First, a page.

"At a base level, how do we know that someone like (Anders) Breivik did what he did? None of us saw him do it (thank goodness), so none of us have first-hand evidence. What we do have is multiple witness testimonies, other forensic evidence and a confession from the accused that, when all put together suggest that beyond a reasonable doubt he committed the crimes he was accused of.

 

However...witnesses can lie and/or be coerced, evidence can be faked, and a confession can be a boastful fantasy, and the media could be lying to us about the whole thing.

 

Of course, in that particular case the balance of probability weighs heavily, really heavily, in favour of the man having done the terrible stuff he did - certainly heavily enough to put him behind bars for a very long time unless compelling counter-evidence suddenly presents itself. However, none of us here can say, to an absolute certainty, that he committed those crimes. That is what I mean by absolute proof.

 

If you think that this logically leads to a conclusion where no conviction can satisfy a burden of proof that exacting, then you'd be absolutely right. And therein lies the problem with the death penalty - as long as we cannot satisfy the burden of proof to that level (and I'm not sure we ever will be able to barring some miraculous jump in jurisprudence), as long as you use it you are accepting the risk, however small, of executing a person who did not commit the crime they were convicted for.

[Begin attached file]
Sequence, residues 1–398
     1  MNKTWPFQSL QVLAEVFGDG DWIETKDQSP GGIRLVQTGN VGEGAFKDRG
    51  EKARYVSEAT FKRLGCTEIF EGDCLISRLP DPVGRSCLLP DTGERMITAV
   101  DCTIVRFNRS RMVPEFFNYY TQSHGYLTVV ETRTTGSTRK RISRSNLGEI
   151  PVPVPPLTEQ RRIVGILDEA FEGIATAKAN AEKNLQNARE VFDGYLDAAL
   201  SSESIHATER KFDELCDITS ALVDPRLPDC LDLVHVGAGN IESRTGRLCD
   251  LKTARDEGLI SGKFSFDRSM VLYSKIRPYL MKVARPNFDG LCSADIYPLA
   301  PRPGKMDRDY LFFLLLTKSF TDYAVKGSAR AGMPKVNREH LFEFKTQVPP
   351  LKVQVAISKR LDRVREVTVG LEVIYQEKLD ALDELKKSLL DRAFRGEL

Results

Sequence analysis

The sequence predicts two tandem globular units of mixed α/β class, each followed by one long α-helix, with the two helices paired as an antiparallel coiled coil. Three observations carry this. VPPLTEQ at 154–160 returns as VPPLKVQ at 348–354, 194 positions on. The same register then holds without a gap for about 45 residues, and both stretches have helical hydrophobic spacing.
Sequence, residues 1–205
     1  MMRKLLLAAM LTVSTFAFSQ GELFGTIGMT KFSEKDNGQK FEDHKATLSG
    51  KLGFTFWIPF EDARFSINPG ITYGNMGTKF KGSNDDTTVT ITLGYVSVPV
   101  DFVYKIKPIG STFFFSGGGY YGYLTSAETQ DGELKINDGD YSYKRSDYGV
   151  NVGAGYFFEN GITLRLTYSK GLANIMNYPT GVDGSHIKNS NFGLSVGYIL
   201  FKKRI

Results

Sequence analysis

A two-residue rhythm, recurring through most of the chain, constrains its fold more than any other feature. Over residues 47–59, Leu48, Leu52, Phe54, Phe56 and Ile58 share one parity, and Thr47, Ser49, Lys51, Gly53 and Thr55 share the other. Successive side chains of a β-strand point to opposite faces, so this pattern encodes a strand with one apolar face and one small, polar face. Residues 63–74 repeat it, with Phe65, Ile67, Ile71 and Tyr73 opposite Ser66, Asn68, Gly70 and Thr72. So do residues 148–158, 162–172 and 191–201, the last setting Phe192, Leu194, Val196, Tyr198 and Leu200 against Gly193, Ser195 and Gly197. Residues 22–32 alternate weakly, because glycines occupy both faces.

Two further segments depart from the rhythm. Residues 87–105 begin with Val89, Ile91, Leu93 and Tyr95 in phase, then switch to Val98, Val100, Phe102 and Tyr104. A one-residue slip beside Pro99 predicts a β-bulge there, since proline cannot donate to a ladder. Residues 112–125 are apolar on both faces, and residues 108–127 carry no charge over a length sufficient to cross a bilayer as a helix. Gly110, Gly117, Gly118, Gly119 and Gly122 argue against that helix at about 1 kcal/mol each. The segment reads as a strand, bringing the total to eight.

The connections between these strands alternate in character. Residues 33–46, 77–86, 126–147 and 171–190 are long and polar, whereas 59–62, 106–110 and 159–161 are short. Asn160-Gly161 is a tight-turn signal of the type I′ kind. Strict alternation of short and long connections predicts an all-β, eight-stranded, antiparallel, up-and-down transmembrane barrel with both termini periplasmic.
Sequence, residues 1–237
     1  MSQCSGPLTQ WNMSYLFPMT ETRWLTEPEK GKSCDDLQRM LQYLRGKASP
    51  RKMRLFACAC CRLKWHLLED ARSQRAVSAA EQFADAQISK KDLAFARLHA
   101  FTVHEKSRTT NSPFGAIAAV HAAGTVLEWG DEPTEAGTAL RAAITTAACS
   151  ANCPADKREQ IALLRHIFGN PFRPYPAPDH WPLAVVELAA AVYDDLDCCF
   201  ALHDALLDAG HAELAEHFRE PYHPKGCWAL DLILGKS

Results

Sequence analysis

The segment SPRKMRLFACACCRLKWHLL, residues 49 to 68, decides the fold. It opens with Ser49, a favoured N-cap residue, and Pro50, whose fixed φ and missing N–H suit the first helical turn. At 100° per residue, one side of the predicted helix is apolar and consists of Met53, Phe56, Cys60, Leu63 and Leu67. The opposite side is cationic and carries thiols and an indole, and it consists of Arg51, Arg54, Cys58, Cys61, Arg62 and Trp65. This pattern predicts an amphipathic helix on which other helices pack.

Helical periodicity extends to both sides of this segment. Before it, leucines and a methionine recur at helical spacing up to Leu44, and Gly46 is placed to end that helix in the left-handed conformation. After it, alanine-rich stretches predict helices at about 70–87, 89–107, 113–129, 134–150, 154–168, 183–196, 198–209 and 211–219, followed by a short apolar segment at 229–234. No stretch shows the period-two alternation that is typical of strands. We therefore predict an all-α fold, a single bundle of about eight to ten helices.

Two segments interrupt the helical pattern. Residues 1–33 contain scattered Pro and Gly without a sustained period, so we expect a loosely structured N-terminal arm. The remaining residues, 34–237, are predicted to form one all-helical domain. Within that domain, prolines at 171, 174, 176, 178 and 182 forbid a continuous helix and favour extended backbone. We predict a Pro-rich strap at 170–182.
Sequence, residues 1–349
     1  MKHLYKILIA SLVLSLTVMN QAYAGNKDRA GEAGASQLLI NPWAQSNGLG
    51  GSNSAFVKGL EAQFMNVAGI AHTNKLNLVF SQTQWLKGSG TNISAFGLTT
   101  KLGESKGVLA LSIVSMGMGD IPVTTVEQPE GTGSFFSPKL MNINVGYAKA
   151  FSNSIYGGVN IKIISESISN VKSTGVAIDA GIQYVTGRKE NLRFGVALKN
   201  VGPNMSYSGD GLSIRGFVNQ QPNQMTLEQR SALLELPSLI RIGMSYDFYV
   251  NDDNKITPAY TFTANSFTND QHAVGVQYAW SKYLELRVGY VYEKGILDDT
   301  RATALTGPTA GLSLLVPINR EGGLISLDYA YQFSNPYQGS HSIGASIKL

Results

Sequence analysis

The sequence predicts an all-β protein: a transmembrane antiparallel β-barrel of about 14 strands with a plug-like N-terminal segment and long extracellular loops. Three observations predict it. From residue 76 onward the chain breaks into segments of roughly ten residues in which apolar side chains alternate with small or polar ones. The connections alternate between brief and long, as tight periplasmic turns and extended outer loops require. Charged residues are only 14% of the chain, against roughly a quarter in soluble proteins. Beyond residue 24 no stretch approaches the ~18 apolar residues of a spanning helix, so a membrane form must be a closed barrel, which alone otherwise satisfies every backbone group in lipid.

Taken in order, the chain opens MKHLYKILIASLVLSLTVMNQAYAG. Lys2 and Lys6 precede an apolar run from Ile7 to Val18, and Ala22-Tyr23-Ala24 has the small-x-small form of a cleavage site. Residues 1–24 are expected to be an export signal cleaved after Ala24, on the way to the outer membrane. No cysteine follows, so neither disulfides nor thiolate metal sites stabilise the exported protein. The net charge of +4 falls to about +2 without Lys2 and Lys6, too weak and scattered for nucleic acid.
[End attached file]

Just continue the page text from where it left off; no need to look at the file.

Barring concrete correlation-to-causation evidence that the DP actually saves innocent lives at a much higher rate than it would take them, then I find such a risk unconscionable."

 

That is what I mean about there being a risk - however small - of at some point executing an innocent person by having the DP as an option at all. If folks believe that risk to be so small as to be acceptable and as such the benefits outweigh that drawback, then fair enough - I'd just rather that be flat-out said.

 

There are some “bang to rights” examples that are way beyond any question of doubt and so “evil” as to warrant the death penalty imo. For example some of the recent shooting sprees in the US.

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12 hours ago, LiberalFox said:

Can't help but feel executions immortalise criminals rather than doing anything to help victims. Not that we're proposing having the death penalty. 

You think they immortalise them any more than the actual action (normally some remorseless brutal killing) they performed?

 

I don't think our system or the Norwegian system or any others actually help the victims do they? 

 

 

1 hour ago, Buce said:

 

 

 

“Many that live deserve death. And some that die deserve life. Can you give it to them? Then do not be too eager to deal out death in judgement.” ―  J.R.R. Tolkien. The Fellowship of the Ring

 

 

And then he went on to almost exterminate several races.

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1) Given people can still recall (and discuss here) the name of the last person executed suggests that it does give them some sort of fame.

2) Teaching that killing is wrong, by killing, is..... :doh:

3) There have been a significant number of "murderers"  released in Oz in recent years because the recent modern evidence has since proven them innocent.